It was the last leg of a very long trip for me. A fun and fulfilling trip, but a long one. The trip I took to Europe last year was taxing both physically and emotionally. I took in so much wisdom, so many stories, and a good amount of chocolate. Europe was full to the brim with meaning for me. It still impacts my life to this day.
We were in Eisenach, Germany, at Wartburg Castle, where Martin Luther did the unthinkable and translated the Bible into German, a language that his people could understand without having to rely on the Catholic church. His translation essentially changed the world forever. He did it all on pain of death – even his friends risked their lives for his work.
Wartburg Castle is an incredible bastion overlooking the Eisenach countryside. Set atop a high, sheer cliff, it takes a good many flights of stairs just to reach the portcullis. The courtyard teems with birds, vines, and tourists. Walking into the fortress, you feel the history in the High Middle Ages architecture. It’s almost as though you can feel its meaning, even if you didn’t know anything about it.
Now I’m sort of a medieval nerd, so I loved exploring an ancient castle with centuries of history. I loved standing in the very room where Luther lived and wrote and cried out to God. When I finished the semi guided tour I found a quiet spot at one of the higher points in the courtyard to look over the countryside past the great walls of the fortress.
I found myself in a quiet moment where I could meditate, mull over the history I had just stepped into. What was I supposed to do with all that I had just seen? In that quiet moment, I opened my heart to God. Your servant is listening. Even on that spiritually-saturated trip, I was sometimes starved from the voice of God, allowing my busyness to take me from one event to the next. Now, he had me where he wanted me. And in that moment he spoke into my soul and his words will ring in the caverns of my mind forever.
“Be a Luther.”
Those words caught me by surprise on that quiet day. What could that possibly mean? After learning all the things that Luther had done, I was dumbfounded. How could I possibly do all of the things that he did? Where would I even start?
It’s mind-boggling to think of a legacy that spans generations. Think of the people from hundreds, even thousands of years ago, that we still talk about today. I mean there’s a reason we talk about some presidents more than others. Some of them made a bigger impact than others. Did they know that their legacy would be talked about decades later? Maybe they did, because they were president. But I don’t think they thought that when they were in their mid-twenties and still figuring out who they were going to be.
There are people living today that people will still talk about generations from now. You could be one of them.
You’re probably thinking exactly what I was thinking as I sat on that hilltop – How? I can’t do all the things Martin Luther did. Luther changed the way people approach God. His legacy was just celebrated 500 years later in Germany and in other reformed churches across the world – because he changed the way we do things.
The more I thought about it, the more I realized that it was true. I could be a Luther. It started to make sense to me. Here’s what I figured out:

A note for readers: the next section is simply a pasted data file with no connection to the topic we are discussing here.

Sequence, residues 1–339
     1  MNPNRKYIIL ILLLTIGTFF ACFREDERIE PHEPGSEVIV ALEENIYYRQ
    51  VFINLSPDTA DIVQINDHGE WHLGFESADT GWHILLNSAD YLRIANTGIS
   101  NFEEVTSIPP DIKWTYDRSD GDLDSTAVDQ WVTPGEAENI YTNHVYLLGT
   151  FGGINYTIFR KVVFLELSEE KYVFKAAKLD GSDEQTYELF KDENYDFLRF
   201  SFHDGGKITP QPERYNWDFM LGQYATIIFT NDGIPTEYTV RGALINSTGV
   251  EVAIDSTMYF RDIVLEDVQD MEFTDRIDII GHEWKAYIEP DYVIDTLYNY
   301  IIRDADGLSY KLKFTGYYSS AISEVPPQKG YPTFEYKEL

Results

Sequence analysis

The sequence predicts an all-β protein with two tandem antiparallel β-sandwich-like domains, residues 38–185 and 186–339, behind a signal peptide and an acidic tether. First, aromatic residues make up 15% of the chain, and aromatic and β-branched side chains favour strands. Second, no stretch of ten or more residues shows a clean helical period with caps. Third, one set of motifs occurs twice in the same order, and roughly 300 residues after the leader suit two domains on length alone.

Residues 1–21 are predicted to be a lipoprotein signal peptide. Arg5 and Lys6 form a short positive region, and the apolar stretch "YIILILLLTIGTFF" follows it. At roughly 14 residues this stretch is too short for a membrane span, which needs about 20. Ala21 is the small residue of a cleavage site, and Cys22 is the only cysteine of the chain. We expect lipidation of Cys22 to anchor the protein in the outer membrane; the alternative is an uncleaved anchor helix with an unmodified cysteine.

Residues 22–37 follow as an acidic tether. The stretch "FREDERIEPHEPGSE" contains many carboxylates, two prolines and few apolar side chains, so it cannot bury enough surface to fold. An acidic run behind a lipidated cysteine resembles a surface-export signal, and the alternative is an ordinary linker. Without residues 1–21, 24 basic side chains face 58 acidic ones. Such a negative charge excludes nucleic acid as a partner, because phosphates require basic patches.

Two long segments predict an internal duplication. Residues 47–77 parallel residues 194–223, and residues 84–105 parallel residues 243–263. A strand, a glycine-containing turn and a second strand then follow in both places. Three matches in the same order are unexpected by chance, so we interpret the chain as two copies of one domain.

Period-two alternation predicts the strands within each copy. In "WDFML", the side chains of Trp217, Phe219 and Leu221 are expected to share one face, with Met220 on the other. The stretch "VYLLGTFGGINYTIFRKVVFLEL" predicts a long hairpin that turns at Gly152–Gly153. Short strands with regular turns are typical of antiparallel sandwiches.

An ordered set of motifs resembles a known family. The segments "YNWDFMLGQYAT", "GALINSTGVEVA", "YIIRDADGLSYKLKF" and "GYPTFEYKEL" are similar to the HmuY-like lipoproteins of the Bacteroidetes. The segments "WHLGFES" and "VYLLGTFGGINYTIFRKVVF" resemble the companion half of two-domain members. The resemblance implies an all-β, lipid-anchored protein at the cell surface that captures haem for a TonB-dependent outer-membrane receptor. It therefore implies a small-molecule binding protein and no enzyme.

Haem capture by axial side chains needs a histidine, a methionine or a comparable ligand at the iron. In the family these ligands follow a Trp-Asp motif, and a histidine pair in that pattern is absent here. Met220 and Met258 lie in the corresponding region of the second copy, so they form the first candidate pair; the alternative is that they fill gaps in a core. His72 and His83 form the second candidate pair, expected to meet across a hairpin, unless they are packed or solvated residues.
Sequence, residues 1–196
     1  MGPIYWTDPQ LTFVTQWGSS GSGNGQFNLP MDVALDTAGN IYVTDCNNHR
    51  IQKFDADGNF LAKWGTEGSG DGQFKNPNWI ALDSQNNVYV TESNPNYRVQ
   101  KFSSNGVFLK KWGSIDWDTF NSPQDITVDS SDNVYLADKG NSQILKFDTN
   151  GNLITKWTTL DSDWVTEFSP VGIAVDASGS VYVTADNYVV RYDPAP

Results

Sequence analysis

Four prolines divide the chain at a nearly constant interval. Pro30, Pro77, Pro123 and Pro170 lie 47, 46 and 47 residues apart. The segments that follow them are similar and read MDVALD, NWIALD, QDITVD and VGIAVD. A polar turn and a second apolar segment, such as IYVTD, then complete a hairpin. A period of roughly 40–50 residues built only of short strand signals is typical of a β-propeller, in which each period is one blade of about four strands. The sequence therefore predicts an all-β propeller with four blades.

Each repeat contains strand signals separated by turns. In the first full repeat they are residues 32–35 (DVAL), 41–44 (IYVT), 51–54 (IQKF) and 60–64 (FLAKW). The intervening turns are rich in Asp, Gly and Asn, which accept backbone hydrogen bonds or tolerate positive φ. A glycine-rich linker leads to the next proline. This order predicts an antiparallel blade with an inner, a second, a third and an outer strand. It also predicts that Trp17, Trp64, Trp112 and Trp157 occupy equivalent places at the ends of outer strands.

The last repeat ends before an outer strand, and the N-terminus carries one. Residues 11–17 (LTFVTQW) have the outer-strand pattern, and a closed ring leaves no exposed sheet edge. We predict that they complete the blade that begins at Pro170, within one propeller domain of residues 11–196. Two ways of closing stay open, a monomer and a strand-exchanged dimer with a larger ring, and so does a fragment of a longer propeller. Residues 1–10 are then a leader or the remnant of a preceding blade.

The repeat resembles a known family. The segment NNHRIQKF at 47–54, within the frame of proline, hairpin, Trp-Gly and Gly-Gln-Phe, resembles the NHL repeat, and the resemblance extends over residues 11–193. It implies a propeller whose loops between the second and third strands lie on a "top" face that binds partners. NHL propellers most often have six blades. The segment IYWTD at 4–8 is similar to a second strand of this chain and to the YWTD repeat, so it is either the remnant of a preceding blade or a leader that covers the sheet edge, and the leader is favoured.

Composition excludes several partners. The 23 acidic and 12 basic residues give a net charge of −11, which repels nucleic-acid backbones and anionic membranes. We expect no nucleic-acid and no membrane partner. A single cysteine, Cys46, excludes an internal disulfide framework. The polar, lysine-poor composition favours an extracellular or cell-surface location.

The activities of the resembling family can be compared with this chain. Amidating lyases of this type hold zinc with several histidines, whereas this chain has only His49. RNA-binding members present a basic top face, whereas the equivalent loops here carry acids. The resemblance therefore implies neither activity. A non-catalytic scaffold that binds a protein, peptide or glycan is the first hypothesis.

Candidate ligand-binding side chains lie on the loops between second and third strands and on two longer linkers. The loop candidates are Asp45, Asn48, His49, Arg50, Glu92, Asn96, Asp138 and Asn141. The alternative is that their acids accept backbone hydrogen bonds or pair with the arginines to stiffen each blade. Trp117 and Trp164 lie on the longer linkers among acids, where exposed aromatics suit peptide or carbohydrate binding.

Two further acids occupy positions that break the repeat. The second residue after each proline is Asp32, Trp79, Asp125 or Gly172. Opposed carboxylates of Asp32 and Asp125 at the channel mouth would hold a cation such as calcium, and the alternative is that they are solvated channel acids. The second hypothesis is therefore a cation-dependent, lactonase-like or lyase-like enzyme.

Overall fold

While he was living, Luther couldn’t have possibly known the impact he would make. Most of his days were spent thinking he was going to get killed for what he was doing. Then the Catholic church would have burned his Bible translation and it would’ve all been over. He started with faith, not this grandiose feeling of greatness. He had faith that God would use Him in any way He saw fit.
To be basic for a minute and quote from the musical Hamilton, Alexander Hamilton sings at the moment of his death, “What is a legacy? It’s planting seeds in a garden that you’ll never see.” Everyone who is walking on this earth right now is planting seeds. Those seeds will grow in some way or another – you’ll either grow a garden for your descendants or your roots will die with you. Part of that responsibility lies with you and how you live your life.
God’s hand is in that as well, as it was in Luther’s life. Luther dedicated his life to Christ after a particularly terrifying storm (that crap can get scary.) He was willing to face excommunication and even death in order to spread God’s word to more people. Luther obviously wasn’t a perfect man, but he did his best to remain faithful to the Lord. Our life ultimately belongs to the Lord, and He will use it the way He sees fit.
Along with that, Luther stood on the shoulders of mountain-movers who came before him. Luther was born far after the Reformation had begun, he just happened to be a fairly big catalyst who helped move it along. And as he continued his work he surrounded himself with faithful people who also wanted to spread the Gospel. He certainly didn’t do it on his own.
Gardens don’t grow overnight. A tree starts as a sapling and takes years, even decades, to grow into a mighty oak. As it grows it changes the landscape around it, its roots grow deep, and its branches stretch tall. But it needs time and good soil. Unlike a tree, you have a choice in how you nurture yourself. Will you commit your life to a God who will deepen your roots?
Will you trust your growth to a Sovereign Lord?